Social Security Retirement Benefits
and Related Topics

For baby boomers, Social Security retirement benefits are still an important part of our financial portfolio.

There isn't enough time for our generation to make up for the income that would be lost if Social Security benefits were reduced significantly right now.

The Social Security program has evolved throughout history from a need to provide for workers in their old age rather than fall into poverty when they can no longer work.

This duty of our society and government will not be eliminated, but it will continue to evolve with society's needs.

For Federal Employees who are not eligible for SS benefits, see this page on the Civil Service Retirement System.


A Brief History of Social Security Retirement Benefits

family in the 1950's

The Social Security Act was signed into law by President Roosevelt on August 14, 1935.

The first application forms were distributed in November 1936. The registration forms were handled and numbers were assigned in the local post offices at that time.

The post offices collected the completed forms and turned them over to SSA offices near major post office centers. They were next forwarded to Baltimore, Maryland, where SS numbers and employment records were registered.

John Sweeney received the first SSN account, but he didn’t get the lowest number issued. Grace Dorothy Owen received number 001-01-0001.

(Note: The photo below is not one of the people mentioned, but she is a woman from the period, circa 1927)

young woman in 1930

More than 30 million SSN cards were issued through the US Postal Service. By June 30, 1937, 151 field offices were opened, the first being in Austin Texas on Oct 14 1936. From then on, the SS Board's local offices took over the task of administering Social Security numbers and accounts.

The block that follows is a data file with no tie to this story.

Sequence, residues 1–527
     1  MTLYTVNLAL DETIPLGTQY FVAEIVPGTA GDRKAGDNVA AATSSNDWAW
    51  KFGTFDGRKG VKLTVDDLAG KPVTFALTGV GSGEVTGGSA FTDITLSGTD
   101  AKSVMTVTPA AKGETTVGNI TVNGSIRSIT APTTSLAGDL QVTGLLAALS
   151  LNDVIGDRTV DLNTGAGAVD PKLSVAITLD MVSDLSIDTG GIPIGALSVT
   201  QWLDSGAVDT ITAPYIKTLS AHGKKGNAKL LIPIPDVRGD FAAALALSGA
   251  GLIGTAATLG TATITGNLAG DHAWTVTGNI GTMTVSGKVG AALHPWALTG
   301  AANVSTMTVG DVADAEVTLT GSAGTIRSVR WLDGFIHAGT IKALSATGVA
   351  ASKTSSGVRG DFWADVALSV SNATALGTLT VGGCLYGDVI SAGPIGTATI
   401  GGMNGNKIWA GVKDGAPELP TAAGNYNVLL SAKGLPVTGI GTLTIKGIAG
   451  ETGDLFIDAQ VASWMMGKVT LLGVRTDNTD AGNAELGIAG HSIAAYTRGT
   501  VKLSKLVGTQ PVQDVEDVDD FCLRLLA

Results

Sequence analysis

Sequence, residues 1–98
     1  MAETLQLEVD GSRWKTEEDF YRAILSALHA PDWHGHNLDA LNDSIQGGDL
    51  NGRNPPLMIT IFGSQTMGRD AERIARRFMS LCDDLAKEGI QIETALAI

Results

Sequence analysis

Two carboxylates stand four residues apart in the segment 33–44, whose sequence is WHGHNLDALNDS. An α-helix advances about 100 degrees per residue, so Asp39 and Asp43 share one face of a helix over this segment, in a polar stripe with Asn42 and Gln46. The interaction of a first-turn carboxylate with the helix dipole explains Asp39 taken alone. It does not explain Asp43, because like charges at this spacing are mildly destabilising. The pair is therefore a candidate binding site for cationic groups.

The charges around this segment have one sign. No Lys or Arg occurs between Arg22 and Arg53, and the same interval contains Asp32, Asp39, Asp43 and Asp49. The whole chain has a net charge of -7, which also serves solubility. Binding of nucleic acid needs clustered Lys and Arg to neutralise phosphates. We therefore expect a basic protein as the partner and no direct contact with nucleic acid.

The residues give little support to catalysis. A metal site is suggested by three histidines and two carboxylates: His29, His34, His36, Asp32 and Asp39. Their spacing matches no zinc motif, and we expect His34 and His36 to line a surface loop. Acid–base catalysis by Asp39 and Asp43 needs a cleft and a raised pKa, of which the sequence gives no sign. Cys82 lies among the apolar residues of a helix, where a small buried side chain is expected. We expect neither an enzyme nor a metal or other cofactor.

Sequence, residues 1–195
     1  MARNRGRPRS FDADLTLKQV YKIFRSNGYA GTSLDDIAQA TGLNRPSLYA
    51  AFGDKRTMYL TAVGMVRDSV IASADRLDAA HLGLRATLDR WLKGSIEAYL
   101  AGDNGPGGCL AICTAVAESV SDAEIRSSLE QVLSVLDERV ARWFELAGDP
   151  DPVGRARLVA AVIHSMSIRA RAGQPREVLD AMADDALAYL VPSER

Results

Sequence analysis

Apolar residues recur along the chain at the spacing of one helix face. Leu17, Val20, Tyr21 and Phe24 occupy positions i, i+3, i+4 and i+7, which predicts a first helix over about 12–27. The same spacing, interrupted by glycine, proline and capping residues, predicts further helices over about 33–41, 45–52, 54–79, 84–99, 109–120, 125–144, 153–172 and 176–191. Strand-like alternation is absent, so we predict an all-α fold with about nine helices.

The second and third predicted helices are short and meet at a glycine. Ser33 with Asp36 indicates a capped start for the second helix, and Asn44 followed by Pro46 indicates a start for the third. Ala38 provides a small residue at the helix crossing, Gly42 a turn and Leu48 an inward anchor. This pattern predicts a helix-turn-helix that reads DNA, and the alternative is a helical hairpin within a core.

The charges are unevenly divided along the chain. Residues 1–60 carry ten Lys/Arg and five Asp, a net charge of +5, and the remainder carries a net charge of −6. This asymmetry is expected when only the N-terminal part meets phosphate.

On January 31, 1940, the first monthly check for $22.54 was issued to Ida May Fuller of Vermont. Miss Fuller was a Legal Secretary who retired in November 1939. She started collecting benefits at age 65 and she lived until 1975 when she was 100 years old.

In 1956, the Social Security Act was expanded to provide benefits to the disabled workers between 50-64 and disabled adult children.

In September 1960 the law was amended for the disability rules to permit payment of benefits to disabled workers of any age and to their dependents.

In 1965, the SSA became responsible for administering a new program, Medicare that extended health coverage to everyone age 65 and older.

In the 1970’s, provisions for Supplemental Security Income (SSI) were added to the assist the elderly poor.

For more on the history and events that led to the creation of our Social Security Retirement system, visit the SSA website at ssa.gov/history or socialsecurity.gov/history.